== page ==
Friday 12 July 2024
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PEEL Report: Nottinghamshire Police ‘Inadequate’ at preventing and investigating crime, says Inspectorate

His Majesty’s Inspectorate of Constabulary and Fire & Rescue Services (HMICFRS) graded Nottinghamshire Police’s performance across eight areas of policing and found the force was adequate in four areas, requires improvement in one area and was inadequate in three areas.

HMICFRS said Nottinghamshire Police is effective at using police powers and legislation to tackle antisocial behaviour and the force uses stop and search powers legitimately.

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The inspection assessed how good Nottinghamshire Police is in nine areas of policing.
HMICFRS make graded judgments in eight of these nine above.

But the inspectorate said the force needs to improve how it manages, supervises and carries out effective investigations, and make sure that victims get the support they need. Inspectors also raised concerns that the force doesn’t have adequate processes in place to monitor performance or identify areas where improvement is required.

Because of these concerns, in March 2024 the inspectorate moved Nottinghamshire Police into an enhanced level of monitoring. This process will provide additional scrutiny and support from across the policing sector to help Nottinghamshire Police make improvements.

The inspectorate recognised that Nottinghamshire has high levels of deprivation. It also said that gaps in funding for other agencies may have an impact on police demand, and that the force needs to have enough resources to prevent crime and protect the public effectively.

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His Majesty’s Inspector of Constabulary Roy Wilsher said:

“I have concerns about Nottinghamshire Police’s performance in keeping people safe, reducing crime and providing victims with an effective service. I have particularly serious concerns about how well the force manages crime, and how it manages its performance and identifies areas for improvement.

“Nottinghamshire Police needs to allocate its resources more effectively to prevent and detect crime, and to protect its communities. However, its ability to meet demand is affected by acute environmental factors, like high levels of deprivation and funding gaps for local partner agencies.

“Given these findings, I have been in regular contact with the chief constable as the amount of improvement needed shouldn’t be underestimated. I am pleased to see that the force has accepted our findings and is now working on how it will make the changes needed for sustainable improvement.”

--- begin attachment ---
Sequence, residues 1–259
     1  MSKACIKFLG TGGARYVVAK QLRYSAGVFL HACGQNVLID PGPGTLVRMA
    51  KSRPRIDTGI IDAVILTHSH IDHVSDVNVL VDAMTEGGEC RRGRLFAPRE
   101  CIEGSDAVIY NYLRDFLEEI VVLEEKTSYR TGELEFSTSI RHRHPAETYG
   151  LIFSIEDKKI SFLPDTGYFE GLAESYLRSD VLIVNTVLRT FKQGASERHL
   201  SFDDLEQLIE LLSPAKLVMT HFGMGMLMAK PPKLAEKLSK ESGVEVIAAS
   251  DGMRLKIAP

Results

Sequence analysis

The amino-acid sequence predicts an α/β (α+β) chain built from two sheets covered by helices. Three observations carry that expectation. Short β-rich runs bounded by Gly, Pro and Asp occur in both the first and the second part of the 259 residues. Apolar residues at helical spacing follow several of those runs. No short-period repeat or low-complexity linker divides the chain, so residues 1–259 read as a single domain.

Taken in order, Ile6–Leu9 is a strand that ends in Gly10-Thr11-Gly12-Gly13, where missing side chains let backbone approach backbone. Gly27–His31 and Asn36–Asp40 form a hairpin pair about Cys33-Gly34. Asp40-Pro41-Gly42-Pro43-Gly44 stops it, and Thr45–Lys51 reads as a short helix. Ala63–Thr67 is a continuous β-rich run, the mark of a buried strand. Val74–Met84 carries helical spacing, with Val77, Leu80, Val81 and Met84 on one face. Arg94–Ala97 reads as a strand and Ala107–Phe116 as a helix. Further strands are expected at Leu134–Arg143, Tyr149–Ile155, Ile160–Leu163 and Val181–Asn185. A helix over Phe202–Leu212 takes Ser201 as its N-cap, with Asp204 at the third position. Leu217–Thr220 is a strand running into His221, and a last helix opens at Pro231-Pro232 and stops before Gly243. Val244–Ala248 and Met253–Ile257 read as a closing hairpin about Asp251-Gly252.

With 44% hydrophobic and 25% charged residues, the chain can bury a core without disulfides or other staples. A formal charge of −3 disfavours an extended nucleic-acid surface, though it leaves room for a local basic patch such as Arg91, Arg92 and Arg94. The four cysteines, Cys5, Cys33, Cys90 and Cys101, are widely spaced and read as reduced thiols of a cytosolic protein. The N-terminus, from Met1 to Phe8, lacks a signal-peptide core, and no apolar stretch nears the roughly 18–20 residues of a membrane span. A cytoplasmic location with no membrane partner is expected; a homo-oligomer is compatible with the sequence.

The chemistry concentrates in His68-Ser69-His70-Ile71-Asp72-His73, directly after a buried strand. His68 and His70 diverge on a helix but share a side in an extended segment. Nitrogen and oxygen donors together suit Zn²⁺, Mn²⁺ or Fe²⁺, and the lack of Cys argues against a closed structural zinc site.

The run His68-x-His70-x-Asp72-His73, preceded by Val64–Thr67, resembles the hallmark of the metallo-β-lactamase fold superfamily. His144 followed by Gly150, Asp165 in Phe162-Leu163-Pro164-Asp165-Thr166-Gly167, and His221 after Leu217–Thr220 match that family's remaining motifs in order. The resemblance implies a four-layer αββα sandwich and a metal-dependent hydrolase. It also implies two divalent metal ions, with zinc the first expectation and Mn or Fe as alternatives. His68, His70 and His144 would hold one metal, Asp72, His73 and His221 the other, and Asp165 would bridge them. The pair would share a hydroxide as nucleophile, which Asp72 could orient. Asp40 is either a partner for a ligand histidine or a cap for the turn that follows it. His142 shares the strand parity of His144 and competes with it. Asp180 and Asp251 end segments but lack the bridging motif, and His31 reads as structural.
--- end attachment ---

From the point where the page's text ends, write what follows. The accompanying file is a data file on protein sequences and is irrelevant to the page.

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Chief Constable Kate Meynell says:

“We have taken this very seriously and we are working closely with HMICFRS to improve all that we do.

“We were already working on some of the changes that needed to be made before our inspection, but this has given us the opportunity to work with the inspectorate and the College of Policing on a comprehensive improvement plan. We are now delivering these improvements quicker to better serve our communities and have received positive feedback in relation to the changes made to date.

“A new comprehensive training package has been delivered to all our officers and staff who investigate crime to ensure that investigations are conducted efficiently, effectively and meet the needs of victims. We know that we still have more to do, but the steps already taken have seen our positive outcome rate increase further, with our charge rate exceeding the national average, and victim updates increase.

“Our control room handles a high volume of calls for service, including the highest number of 101 calls per 1,000 population in the country, so it’s vital that our officers and resources are always in the right place, at the right time. To achieve this we are continuing to evolve our processes and operating model to provide the best possible service to Nottinghamshire. This has included significantly increasing the number of inspectors and sergeants to further support our frontline staff and maximise our capability to tackle and investigate crime.

“We have also increased the number of officers in our neighbourhood policing teams including those with specialist skills, to improve how we proactively prevent and detect crime, and through a new dedicated team, we are targeting repeat offenders and those who cause most harm to our communities. This has resulted in significant reductions in neighbourhood crime.

“By continuing to work with the inspectorate, the National Police Chiefs’ Council and the College of Policing I will implement any further changes which benefit our communities.”

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